I asked about the dice for that very response: “it is a great tool for putting agents in positions they might not set up for themselves. It’s like training them to be better storytellers by putting them in tight spots.” I’d read as much from one of your earlier posts. However, I also asked about it because I was looking at trying to implement a system without a random element.
I thought it was quite possible at first. Now… I am not sure. On the advice of someone else, I was looking at the Amber Diceless Roleplaying System. It uses the comparisons of statistics for the success of failure of any actions… unless the GM says otherwise. I have never actually played with the system, but it seemed interesting at first glance. Trying to implement it in software has been… interesting.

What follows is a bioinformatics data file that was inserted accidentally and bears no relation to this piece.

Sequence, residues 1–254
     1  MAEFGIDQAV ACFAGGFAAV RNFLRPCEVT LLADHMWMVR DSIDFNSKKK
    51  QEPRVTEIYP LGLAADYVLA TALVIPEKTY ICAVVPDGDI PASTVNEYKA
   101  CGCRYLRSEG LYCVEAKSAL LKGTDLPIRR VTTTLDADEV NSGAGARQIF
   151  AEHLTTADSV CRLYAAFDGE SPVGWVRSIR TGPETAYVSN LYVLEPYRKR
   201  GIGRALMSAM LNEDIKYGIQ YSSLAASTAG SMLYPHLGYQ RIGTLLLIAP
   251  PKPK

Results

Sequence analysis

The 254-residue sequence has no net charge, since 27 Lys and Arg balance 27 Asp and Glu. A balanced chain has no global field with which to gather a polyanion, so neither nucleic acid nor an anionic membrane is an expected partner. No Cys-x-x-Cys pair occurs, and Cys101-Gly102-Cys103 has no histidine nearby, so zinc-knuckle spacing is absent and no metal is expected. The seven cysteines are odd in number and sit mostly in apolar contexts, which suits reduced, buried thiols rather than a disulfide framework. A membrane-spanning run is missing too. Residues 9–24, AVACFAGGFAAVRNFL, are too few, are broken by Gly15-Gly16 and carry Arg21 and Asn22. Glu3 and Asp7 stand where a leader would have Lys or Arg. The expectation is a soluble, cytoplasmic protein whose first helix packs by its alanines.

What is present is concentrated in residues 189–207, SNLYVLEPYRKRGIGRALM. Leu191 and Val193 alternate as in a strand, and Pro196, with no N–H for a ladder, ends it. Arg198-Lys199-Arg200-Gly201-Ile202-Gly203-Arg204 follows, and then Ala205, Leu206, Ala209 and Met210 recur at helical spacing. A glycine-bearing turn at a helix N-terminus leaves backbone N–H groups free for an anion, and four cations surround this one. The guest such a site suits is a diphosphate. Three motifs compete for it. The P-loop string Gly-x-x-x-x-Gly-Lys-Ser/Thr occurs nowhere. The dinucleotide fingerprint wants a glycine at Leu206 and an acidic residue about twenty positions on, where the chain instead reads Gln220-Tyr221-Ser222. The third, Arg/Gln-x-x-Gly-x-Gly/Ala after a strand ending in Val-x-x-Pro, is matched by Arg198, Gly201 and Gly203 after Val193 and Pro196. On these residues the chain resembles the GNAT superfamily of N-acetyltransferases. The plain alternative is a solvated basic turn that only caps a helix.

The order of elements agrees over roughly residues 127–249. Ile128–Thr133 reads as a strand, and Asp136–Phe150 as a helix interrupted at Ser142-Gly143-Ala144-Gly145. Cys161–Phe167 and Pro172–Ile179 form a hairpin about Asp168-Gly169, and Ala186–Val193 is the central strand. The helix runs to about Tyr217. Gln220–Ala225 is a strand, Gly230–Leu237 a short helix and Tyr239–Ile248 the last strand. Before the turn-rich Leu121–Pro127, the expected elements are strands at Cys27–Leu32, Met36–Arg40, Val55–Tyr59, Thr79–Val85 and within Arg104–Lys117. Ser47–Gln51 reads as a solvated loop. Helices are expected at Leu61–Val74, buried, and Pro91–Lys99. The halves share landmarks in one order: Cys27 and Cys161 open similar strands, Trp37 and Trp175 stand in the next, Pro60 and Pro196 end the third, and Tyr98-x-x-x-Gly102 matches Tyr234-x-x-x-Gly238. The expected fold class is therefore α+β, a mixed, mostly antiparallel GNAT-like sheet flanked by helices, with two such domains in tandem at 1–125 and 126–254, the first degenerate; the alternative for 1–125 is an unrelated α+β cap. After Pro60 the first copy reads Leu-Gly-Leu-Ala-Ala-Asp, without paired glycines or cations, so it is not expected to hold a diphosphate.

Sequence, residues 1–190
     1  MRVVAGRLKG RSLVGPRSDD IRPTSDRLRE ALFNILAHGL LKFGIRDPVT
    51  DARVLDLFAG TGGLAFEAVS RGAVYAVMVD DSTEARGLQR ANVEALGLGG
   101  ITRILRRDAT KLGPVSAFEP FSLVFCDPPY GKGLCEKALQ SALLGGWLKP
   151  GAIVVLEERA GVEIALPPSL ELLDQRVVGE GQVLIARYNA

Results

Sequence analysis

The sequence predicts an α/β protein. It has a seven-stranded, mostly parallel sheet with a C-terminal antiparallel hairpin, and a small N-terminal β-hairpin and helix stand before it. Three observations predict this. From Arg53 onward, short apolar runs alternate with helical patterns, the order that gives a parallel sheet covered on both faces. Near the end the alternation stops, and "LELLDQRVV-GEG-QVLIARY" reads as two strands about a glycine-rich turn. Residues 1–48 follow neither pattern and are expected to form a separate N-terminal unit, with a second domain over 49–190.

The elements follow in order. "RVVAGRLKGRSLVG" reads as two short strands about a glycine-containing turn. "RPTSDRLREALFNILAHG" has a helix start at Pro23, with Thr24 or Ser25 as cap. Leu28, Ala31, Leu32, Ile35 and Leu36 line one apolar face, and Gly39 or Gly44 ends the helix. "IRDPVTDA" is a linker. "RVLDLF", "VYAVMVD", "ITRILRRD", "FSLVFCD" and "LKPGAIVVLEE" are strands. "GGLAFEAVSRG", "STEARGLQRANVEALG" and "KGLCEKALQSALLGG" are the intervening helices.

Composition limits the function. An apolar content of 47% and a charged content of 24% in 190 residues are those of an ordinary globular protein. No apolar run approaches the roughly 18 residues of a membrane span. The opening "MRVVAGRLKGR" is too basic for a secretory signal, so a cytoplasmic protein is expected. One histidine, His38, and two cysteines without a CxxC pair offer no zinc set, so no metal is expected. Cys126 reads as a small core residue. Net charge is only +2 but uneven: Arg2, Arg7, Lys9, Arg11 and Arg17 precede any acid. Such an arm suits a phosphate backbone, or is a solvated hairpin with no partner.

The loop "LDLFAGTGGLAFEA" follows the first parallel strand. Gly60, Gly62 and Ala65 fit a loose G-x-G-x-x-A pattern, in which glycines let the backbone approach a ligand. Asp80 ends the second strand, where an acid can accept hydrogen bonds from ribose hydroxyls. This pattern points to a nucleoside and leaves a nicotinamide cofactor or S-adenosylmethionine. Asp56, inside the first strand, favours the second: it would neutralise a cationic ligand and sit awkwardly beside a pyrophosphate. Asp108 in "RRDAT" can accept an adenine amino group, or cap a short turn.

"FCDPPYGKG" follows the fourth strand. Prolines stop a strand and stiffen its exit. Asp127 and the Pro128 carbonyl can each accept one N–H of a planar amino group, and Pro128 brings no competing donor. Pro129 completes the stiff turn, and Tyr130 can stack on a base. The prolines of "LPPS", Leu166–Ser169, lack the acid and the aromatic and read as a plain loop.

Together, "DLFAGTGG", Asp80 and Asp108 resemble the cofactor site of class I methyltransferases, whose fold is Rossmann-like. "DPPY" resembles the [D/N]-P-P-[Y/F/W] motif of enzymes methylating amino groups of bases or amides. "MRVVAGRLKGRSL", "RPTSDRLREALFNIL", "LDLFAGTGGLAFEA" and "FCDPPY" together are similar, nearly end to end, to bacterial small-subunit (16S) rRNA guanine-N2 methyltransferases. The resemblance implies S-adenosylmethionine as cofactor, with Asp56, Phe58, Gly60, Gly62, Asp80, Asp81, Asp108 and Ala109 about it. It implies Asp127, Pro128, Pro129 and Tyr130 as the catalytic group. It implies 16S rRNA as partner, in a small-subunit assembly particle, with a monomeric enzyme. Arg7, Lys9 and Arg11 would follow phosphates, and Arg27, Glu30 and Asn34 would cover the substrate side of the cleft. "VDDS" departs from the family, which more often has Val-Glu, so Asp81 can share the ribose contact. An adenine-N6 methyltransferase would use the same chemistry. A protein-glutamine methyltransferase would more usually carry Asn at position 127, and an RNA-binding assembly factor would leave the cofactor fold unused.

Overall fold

Corvus: I don’t remember much about the Amber diceless system except that I didn’t care for it. The importance of randomness can be offset by limited resources for narrative. For example–in Bhaloidam you could set it up so that you only regained Will by performing undesirable outcomes. Treat every performance as guaranteed and you’ve got an ebb and flow structure for ensuring Spinners find their own rhythms and engage fully with the narrative.
Me: How important is The Turn (i.e. what are your opinions on the use of real-time, reactionary, approaches to engaging players within a system: does it create an inequality of play between participates)?
Corvus: Hm. I’m not quite sure how to answer this one. Can you expand upon the question?
Me: Sure. I was asking about how important giving each person a turn really is. It might seem odd to ask, but it occurred to me that such behavior maintains some level of equality among the players in any game. If nothing else, they always have this possession — ability, one might say — to influence the path of the emerging narrative. It’s a high degree of democracy in action.